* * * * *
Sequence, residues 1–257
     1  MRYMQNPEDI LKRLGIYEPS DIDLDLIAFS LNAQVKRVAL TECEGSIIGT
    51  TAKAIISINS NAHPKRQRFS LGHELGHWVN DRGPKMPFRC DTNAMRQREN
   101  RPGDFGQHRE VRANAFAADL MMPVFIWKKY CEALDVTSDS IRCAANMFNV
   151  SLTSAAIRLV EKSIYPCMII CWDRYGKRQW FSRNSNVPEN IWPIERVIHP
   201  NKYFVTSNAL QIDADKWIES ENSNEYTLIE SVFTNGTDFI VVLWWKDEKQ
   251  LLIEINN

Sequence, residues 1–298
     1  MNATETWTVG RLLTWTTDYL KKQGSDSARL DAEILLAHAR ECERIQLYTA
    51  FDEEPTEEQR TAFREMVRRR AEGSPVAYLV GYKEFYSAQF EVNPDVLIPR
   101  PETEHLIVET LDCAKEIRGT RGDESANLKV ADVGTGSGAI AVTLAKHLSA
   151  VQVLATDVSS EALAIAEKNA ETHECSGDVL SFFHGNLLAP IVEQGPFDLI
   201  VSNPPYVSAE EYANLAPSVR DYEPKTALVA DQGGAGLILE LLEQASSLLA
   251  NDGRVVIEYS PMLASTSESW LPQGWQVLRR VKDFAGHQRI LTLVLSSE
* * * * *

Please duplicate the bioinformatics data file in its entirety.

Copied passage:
Sequence, residues 1–257
     1  MRYMQNPEDI LKRLGIYEPS DIDLDLIAFS LNAQVKRVAL TECEGSIIGT
    51  TAKAIISINS NAHPKRQRFS LGHELGHWVN DRGPKMPFRC DTNAMRQREN
   101  RPGDFGQHRE VRANAFAADL MMPVFIWKKY CEALDVTSDS IRCAANMFNV
   151  SLTSAAIRLV EKSIYPCMII CWDRYGKRQW FSRNSNVPEN IWPIERVIHP
   201  NKYFVTSNAL QIDADKWIES ENSNEYTLIE SVFTNGTDFI VVLWWKDEKQ
   251  LLIEINN

Sequence, residues 1–298
     1  MNATETWTVG RLLTWTTDYL KKQGSDSARL DAEILLAHAR ECERIQLYTA
    51  FDEEPTEEQR TAFREMVRRR AEGSPVAYLV GYKEFYSAQF EVNPDVLIPR
   101  PETEHLIVET LDCAKEIRGT RGDESANLKV ADVGTGSGAI AVTLAKHLSA
   151  VQVLATDVSS EALAIAEKNA ETHECSGDVL SFFHGNLLAP IVEQGPFDLI
   201  VSNPPYVSAE EYANLAPSVR DYEPKTALVA DQGGAGLILE LLEQASSLLA
   251  NDGRVVIEYS PMLASTSESW LPQGWQVLRR VKDFAGHQRI LTLVLSSE